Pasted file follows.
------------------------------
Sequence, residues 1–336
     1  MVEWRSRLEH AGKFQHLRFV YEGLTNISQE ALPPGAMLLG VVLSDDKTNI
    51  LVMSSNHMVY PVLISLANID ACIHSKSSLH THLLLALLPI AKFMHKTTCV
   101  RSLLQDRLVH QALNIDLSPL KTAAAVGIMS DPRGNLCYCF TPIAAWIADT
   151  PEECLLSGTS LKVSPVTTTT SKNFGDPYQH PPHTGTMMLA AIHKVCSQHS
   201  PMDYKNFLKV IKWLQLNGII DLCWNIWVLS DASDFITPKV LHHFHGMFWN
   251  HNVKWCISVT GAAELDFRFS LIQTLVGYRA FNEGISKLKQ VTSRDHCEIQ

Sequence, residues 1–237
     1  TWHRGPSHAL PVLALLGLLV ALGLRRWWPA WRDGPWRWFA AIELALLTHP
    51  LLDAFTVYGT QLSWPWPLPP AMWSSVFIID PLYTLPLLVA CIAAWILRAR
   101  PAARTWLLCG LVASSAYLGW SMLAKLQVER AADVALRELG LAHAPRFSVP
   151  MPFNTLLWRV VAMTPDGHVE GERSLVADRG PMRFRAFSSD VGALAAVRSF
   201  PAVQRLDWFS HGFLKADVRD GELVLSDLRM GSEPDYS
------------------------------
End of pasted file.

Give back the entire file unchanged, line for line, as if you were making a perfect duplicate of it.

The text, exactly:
Sequence, residues 1–336
     1  MVEWRSRLEH AGKFQHLRFV YEGLTNISQE ALPPGAMLLG VVLSDDKTNI
    51  LVMSSNHMVY PVLISLANID ACIHSKSSLH THLLLALLPI AKFMHKTTCV
   101  RSLLQDRLVH QALNIDLSPL KTAAAVGIMS DPRGNLCYCF TPIAAWIADT
   151  PEECLLSGTS LKVSPVTTTT SKNFGDPYQH PPHTGTMMLA AIHKVCSQHS
   201  PMDYKNFLKV IKWLQLNGII DLCWNIWVLS DASDFITPKV LHHFHGMFWN
   251  HNVKWCISVT GAAELDFRFS LIQTLVGYRA FNEGISKLKQ VTSRDHCEIQ

Sequence, residues 1–237
     1  TWHRGPSHAL PVLALLGLLV ALGLRRWWPA WRDGPWRWFA AIELALLTHP
    51  LLDAFTVYGT QLSWPWPLPP AMWSSVFIID PLYTLPLLVA CIAAWILRAR
   101  PAARTWLLCG LVASSAYLGW SMLAKLQVER AADVALRELG LAHAPRFSVP
   151  MPFNTLLWRV VAMTPDGHVE GERSLVADRG PMRFRAFSSD VGALAAVRSF
   201  PAVQRLDWFS HGFLKADVRD GELVLSDLRM GSEPDYS